Centrists steer clear of Social Security plans

A group of Senate Democratic and Republican centrists is maintaining a comfortable distance from controversial White House efforts to reform Social Security — even as the chamber emerges as the place where President Bush’s Social Security proposals will be forged.

“There is a sense that no one really wants to stick their head out at this point in time for fear they’re going to have their head cut off,” one Senate Republican aide said.

“It is a nonstarter among the overwhelming majority of Democrats, with very few exceptions,” said Marshall Wittmann, a senior fellow with the Democratic Leadership Council.

Congressional observers say that for the president to succeed he will have to court a handful of key lawmakers who might signal interest in reaching an accommodation.

One likely target is Sen. Ben Nelson (D-Neb.), who supported the president’s 2001 tax cut and is up for reelection this year. Bush tapped Nebraska Gov. Mike Johanns (R), who had been considering a challenge to Nelson, to be his agriculture secretary after Nelson said he wasn’t interested in the job.

“A bipartisan beachhead can only be established in the Senate, given what I hear and see,” said Sen. Lindsey Graham (R-S.C.).

Nelson endorsed his party’s wait-and-see Social Security strategy while saying he was developing legislation to include private accounts “over and above” Social Security. “I don’t want to reject something,” he said. “I just want to listen to something.”

Sources also point to Sen. Joe Lieberman (D-Conn.) as someone who might reach an accommodation with the president on the issue. The White House’s most reliable Democratic vote, Sen. Zell Miller (Ga.), has retired, as has Sen. John Breaux (D-La.), one of the chamber’s most notable dealmakers.

But so far there are signs that Republicans will have trouble holding their own ranks together in both chambers. Sen. Olympia Snowe (R-Maine), a Finance Committee member who played a key role in tax-cut negotiations in the last Congress, has steered clear of statements that would put her in the forefront of the Social Security debate. Snowe is up for reelection this cycle and could be a top Democratic target.

“People recognize increasingly that this is a problem,” she said last week. “America’s a nation of fixers.” But when asked specific questions about strategy, she replied, “I’m not going to get into that now.”

“Members are beginning to understand there’s a real price to pay with privatization,” said former Rep. Barbara Kennelly (D-Conn.), who heads the National Committee to Preserve Social Security and Medicare. “If the president sees this as his first priority, then put a plan on the table and let us see it.”

Democratic sources said Sen. Max Baucus (D-Mont.), the ranking Democrat on the Finance Committee, who supported Medicare reform in the last Congress, has told Minority Leader Sen. Harry Reid (D-Nev.) that he will not work on any “third way” approaches until the president unveils his own plan. Sources said Baucus has made his view known in speeches to the Democratic caucus.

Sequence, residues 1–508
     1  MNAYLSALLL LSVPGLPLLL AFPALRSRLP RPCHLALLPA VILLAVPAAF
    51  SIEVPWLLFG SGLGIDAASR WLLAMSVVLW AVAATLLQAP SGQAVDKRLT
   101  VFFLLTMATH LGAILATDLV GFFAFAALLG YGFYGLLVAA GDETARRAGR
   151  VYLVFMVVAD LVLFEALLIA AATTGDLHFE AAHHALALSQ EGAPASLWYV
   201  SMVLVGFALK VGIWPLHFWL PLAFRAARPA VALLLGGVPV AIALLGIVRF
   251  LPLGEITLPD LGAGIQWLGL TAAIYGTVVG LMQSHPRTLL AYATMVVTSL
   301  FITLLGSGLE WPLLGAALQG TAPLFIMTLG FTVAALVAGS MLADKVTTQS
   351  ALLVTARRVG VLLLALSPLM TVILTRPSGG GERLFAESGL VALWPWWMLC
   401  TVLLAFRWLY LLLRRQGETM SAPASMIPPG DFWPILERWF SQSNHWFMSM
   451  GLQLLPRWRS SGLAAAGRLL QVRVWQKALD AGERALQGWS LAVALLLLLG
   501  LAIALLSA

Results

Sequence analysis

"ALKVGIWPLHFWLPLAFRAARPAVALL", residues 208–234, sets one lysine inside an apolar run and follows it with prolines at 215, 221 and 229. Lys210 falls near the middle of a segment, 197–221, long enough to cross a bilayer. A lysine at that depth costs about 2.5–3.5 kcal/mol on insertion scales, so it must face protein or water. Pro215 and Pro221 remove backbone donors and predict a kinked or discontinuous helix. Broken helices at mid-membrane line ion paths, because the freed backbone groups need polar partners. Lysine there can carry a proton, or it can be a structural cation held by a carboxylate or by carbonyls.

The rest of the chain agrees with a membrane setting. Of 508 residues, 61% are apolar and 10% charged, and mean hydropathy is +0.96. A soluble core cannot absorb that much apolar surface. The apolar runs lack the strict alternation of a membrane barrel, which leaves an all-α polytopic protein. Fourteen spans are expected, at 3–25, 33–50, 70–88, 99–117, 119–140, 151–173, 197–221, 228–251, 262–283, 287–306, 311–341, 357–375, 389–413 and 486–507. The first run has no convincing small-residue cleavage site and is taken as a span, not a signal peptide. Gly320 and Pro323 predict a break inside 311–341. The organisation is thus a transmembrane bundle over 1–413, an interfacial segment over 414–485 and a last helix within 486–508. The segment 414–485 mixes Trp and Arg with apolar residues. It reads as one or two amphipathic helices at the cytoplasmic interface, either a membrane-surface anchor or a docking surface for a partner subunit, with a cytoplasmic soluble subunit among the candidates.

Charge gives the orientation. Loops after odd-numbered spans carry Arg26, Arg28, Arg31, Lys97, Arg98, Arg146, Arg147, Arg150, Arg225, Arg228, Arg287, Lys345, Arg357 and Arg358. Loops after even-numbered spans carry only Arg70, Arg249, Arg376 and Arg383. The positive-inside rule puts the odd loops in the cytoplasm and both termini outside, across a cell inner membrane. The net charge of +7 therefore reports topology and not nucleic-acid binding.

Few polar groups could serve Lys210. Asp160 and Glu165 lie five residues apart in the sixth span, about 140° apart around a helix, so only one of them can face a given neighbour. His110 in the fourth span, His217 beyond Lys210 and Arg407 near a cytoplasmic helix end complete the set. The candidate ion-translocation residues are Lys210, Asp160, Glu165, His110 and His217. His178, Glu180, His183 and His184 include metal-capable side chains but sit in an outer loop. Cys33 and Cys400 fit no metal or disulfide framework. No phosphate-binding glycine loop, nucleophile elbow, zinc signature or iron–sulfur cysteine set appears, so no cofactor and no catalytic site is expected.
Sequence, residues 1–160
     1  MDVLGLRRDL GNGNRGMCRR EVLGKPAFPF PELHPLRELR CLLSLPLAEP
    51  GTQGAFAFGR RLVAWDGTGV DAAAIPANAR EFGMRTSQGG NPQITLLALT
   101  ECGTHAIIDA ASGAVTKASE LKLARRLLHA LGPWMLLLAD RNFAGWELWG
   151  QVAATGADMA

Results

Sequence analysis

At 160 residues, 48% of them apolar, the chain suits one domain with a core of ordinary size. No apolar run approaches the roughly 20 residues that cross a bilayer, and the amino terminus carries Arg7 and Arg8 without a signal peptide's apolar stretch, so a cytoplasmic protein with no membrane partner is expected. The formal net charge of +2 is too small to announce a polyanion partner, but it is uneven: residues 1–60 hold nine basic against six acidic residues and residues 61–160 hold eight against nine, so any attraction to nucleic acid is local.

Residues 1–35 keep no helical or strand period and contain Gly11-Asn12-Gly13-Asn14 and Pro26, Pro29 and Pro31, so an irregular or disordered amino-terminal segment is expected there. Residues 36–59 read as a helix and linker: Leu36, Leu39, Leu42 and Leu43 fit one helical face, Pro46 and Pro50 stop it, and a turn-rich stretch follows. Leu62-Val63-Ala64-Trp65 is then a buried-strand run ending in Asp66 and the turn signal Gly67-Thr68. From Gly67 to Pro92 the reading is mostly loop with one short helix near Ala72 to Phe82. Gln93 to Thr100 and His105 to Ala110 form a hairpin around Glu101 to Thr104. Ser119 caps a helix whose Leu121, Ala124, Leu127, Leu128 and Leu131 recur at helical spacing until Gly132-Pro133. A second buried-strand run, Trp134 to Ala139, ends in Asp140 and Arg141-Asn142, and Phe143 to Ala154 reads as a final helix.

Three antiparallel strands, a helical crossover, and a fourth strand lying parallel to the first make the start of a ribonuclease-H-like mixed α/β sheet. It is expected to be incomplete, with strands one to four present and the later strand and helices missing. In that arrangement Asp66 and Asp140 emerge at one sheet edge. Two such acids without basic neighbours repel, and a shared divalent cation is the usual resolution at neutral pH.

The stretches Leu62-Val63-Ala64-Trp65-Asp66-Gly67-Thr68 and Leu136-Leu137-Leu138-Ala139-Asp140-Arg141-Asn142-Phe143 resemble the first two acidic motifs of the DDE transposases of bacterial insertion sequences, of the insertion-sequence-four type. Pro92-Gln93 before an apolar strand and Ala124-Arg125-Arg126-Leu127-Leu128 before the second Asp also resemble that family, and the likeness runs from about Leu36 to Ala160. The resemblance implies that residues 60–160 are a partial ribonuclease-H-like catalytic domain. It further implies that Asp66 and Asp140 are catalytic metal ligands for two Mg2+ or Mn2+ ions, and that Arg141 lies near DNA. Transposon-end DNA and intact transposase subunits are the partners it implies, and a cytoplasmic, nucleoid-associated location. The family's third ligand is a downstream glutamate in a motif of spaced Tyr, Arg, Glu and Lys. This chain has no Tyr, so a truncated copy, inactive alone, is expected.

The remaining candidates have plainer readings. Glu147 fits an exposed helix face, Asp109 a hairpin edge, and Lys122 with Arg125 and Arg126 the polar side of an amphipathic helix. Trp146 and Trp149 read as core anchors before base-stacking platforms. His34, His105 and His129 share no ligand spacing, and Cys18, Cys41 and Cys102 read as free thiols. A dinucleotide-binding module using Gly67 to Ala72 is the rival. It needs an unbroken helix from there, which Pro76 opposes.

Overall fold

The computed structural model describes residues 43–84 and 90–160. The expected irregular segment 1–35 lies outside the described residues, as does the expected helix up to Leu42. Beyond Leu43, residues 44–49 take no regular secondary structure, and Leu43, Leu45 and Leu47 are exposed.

“The better part of valor [would be] for the administration to present their proposal. Let us read it and understand it,” said Sen. Tom Carper (D-Del.), who has worked with the administration on class-action reform.

But Carper, who counts himself a member of a bipartisan “Third Way” group, said, “I don’t rule out at some point having private accounts.” Carper said those accounts must be part of a plan that doesn’t add trillions to the national debt or “undermine” Social Security in any way.

Asked about Baucus’s agreeing to hold off on cutting a deal with the administration, Carper said, “I don’t think any Democrat’s going to go there.”

Still, many Democrats expressed skepticism about the administration’s 2001 tax cut and the Medicare reform bill of 2003. But in the end, a dozen Democrats backed the tax cut, while 11 Democrats and Sen. James Jeffords (I-Vt.) backed the Medicare conference report.

Senate Finance Chairman Chuck Grassley (R-Iowa) said he wants to try to develop a proposal within his committee by working with Baucus and other Democrats.

“There are some senators in both parties that want nothing to do with this, wish it would go away,” said Graham, who organized a bipartisan meeting with senators last week to talk about his reform plan, which includes among its options a potential increase in payroll taxes. “There’s more people like me than I thought.”

“My belief is the president needs to educate the public, and challenge the public,” Graham said. But “if he comes out with a specific, detailed plan, we just throw rocks at him.”

Claire Buchan, a White House spokeswoman, said the president “looks forward to working with all members who want to reach back … and work together in a constructive way.”

“Republicans need moderate Democrats to be a part of this process to get cover,” the Senate GOP aide said. “If there are no Democrats who are going to come across here, you may have some revolt within the Republicans.”

Democratic sources said House Democrats will follow an approach that is equally cohesive. When Bush gave a speech on Social Security yesterday, Rep. Earl Pomeroy (D-N.D.) accused the president of “hyping a crisis.” Pomeroy was one of only 16 House Democrats to vote for the Medicare bill of 2003.

Meanwhile, Rep. Sander Levin (D-Mich.) has decided to exercise his seniority and take over the ranking slot on the Ways and Means Committee’s Subcommittee on Social Security, giving up the Trade Subcommittee. Rep. Benjamin Cardin (D-Md.), who worked closely with Rep. Rob Portman (R-Ohio) on pension issues, had been a contender for the seat after the death of Rep. Robert Matsui (D-Calif.), who held the position.